In the FCS Huddle: Coastal Carolina coach more than all-business

It's ironic how Joe Moglia's hiring as Coastal Carolina's head football coach draws so much scrutiny.

Here's a coach who left the profession for the business world for 26 years only to return in 2009, first in a volunteer role for two seasons and then for one season in the troubled United Football League.

Yet what Moglia says most people fail to recognize is that he's been more equipped for his return to coaching football than he was in 1984 training alongside a bunch of MBA graduates 10 years younger than him.

"There is a very real parallel here," said the 62-year-old first-time head coach of a college program. "When I got to the business world, most people said, 'Well, gee, this guy doesn't have anything near a business background. All he's been doing is coaching football.'

"This is my 20th season in football and I've been doing this now for the last four years. But people kind of forget that and they say, 'Hey, this guy's coming from the business world, what does he really know about football?' I'm actually far more qualified to go back to football than I was to go from football to business the first time around."

If Moglia had been named Coastal Carolina's head coach on his birthday - April Fool's Day - instead of two months ago, many Chanticleers fans may have laughed off the announcement as a practical joke.

Only 11 days after firing the only head coach in the program's history - the highly successful David Bennett - the Big South Conference university in Conway, S.C., hired the vastly successful former CEO of the on-line brokerage firm Ameritrade. It was surprising, if not upsetting, to many alumni.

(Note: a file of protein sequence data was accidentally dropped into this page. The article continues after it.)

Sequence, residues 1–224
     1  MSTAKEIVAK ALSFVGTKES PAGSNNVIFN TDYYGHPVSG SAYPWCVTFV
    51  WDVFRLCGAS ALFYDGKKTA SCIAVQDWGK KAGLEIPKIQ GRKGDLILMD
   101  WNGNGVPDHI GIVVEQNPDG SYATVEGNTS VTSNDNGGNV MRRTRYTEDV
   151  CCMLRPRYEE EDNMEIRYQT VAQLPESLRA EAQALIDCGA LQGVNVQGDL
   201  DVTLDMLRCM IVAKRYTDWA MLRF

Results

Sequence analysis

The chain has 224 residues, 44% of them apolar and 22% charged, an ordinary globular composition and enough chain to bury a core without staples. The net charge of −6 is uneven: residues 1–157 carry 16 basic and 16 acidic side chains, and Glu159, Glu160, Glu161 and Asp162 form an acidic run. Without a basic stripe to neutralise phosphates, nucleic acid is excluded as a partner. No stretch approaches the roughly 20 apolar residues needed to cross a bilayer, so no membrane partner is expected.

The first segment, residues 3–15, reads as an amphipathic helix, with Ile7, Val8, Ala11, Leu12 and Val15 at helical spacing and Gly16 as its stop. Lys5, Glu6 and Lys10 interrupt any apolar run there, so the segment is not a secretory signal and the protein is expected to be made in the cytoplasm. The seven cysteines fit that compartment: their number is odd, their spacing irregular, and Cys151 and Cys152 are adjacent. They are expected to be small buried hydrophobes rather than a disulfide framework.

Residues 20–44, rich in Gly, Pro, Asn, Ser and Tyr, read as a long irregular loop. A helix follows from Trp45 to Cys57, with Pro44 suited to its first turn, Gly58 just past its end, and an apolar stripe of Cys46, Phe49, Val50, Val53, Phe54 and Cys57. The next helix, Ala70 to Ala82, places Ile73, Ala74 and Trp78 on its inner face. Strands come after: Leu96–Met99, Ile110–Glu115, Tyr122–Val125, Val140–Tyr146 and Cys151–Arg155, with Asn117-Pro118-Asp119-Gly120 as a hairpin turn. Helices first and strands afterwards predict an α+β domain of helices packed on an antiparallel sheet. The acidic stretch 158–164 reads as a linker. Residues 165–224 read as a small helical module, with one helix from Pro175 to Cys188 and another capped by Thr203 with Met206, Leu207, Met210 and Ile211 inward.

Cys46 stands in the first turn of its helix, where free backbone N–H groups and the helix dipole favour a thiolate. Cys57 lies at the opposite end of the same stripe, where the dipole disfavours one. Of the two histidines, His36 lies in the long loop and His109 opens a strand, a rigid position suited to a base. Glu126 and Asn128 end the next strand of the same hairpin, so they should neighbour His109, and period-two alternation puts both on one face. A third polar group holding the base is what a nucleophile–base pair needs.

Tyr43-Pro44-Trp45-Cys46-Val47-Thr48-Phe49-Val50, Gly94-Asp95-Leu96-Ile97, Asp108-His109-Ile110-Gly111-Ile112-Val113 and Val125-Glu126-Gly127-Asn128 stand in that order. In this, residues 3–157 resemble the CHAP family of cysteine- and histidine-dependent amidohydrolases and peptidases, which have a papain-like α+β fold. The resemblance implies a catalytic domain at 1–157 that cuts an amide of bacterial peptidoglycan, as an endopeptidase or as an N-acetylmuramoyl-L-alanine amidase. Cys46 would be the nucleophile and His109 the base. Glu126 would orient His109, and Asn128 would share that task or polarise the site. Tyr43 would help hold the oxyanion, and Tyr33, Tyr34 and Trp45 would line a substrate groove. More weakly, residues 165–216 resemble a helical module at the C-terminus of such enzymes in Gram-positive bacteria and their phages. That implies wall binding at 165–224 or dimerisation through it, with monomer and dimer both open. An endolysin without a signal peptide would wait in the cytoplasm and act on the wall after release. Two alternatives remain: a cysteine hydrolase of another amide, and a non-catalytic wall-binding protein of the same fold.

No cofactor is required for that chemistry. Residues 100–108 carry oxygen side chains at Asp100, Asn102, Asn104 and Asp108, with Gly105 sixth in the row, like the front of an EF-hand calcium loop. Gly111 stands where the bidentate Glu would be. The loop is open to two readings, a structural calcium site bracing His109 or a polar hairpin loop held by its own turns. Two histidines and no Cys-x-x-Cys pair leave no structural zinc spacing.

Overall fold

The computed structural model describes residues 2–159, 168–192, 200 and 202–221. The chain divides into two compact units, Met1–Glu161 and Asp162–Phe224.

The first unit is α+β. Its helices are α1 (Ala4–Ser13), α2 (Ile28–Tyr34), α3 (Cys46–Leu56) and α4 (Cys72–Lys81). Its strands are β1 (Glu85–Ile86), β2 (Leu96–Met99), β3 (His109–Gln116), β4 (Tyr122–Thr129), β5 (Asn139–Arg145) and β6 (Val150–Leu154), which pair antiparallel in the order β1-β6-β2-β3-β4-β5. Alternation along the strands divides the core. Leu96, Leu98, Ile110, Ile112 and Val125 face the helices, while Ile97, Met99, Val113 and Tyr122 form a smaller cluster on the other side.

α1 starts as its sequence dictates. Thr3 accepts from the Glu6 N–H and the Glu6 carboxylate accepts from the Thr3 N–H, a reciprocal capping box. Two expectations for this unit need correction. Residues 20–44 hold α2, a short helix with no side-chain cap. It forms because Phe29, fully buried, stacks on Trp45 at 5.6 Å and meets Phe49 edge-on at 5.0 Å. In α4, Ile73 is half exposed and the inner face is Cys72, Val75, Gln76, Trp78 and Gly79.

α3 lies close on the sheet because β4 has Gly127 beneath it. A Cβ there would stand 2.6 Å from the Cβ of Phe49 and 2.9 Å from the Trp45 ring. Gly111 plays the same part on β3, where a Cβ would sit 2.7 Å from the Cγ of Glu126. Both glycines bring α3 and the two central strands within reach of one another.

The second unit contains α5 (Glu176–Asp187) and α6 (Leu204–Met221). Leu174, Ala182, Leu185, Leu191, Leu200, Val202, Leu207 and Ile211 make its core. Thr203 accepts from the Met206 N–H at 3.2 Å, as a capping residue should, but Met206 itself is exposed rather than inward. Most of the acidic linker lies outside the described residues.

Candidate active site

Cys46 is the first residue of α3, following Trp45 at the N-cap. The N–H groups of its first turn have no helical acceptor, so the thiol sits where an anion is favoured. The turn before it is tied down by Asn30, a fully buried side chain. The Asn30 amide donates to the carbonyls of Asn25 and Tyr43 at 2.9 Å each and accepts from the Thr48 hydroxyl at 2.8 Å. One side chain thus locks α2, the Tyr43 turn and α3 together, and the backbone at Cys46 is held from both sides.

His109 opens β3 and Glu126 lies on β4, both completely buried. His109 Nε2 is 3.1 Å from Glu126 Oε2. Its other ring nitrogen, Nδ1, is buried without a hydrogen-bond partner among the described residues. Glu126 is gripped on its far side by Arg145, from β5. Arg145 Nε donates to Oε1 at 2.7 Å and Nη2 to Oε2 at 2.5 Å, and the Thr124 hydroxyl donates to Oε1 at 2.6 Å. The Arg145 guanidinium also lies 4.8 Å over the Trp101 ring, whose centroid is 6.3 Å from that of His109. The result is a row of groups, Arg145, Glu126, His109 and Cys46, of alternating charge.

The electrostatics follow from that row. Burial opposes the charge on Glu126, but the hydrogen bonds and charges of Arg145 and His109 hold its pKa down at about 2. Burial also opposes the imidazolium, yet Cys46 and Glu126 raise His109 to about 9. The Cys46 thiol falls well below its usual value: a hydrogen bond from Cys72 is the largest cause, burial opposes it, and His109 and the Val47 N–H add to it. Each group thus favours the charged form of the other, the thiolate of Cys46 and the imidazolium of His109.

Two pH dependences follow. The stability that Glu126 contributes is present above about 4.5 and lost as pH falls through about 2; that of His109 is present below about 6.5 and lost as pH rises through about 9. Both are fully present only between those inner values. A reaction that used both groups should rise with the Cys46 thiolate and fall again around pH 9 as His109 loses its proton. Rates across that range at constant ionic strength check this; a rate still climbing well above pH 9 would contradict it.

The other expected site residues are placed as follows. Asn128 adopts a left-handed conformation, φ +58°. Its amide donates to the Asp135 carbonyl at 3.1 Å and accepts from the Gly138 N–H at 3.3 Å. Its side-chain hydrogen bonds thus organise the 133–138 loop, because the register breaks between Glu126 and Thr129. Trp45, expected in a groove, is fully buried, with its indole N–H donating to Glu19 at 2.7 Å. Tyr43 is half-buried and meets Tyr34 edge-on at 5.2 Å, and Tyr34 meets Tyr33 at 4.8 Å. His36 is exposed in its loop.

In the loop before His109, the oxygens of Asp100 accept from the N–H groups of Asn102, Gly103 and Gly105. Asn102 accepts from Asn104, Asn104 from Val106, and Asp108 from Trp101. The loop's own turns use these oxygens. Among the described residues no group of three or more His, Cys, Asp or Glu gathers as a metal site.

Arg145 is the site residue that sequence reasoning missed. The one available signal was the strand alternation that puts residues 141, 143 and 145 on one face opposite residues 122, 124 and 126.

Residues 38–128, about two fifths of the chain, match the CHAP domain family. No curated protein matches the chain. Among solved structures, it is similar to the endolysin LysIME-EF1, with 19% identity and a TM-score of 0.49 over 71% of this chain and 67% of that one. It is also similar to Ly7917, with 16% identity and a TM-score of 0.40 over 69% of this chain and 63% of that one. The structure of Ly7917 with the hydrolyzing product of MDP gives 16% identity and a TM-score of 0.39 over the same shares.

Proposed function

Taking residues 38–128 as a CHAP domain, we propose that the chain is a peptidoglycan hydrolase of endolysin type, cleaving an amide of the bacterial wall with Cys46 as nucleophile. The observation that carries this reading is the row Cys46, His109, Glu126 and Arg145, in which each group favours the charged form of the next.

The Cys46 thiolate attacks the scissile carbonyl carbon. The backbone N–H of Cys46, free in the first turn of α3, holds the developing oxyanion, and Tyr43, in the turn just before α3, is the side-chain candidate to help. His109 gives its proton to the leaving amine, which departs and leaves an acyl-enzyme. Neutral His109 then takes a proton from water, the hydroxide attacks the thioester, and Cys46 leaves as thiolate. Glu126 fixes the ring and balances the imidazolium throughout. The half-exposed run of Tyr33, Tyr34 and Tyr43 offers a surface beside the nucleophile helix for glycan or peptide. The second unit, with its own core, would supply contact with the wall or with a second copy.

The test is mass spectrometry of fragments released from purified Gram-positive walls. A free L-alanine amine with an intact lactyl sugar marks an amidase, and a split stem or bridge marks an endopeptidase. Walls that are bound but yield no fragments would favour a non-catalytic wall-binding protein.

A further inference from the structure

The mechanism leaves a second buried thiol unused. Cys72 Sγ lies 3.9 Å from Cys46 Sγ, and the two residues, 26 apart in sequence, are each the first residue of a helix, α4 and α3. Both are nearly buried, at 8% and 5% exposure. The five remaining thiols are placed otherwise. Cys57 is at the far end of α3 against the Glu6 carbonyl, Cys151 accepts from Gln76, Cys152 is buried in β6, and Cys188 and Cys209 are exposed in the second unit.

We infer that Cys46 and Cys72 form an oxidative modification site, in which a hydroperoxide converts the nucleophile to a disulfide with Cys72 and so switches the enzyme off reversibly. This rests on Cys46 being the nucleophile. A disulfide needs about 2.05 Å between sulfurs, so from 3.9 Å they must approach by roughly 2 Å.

Old enough to be a grandfather to his new players, Moglia has an unusual story, but he doesn't believe he has to explain himself to others. It might look like he's trying to live a real-life version of Fantasy Football in his golden years, but he just happens to think of his life more along the lines of Nick Saban and Urban Meyer than Warren Buffett and Bill Gates.

"I would waste a whole lot of energy if I worried too much about what everybody else thought," Moglia said. "I know the job that I need to do. And while at the end of the day, I'd agree with you, I think there are people saying, 'Gee, what's this all about?' I think there also are people saying, 'Hey, you know what, this guy really does bring some special skill sets to the table.'"


Joe Moglia (pronounced with a silent "g") is making $175,000 in the first of a five-year deal to coach Coastal Carolina. His salary is dwarfed by the reported $14 million that he averaged as the Ameritrade CEO from 2001 to 2008, when he also held more than $100 million in stock from the multi-billion- dollar company.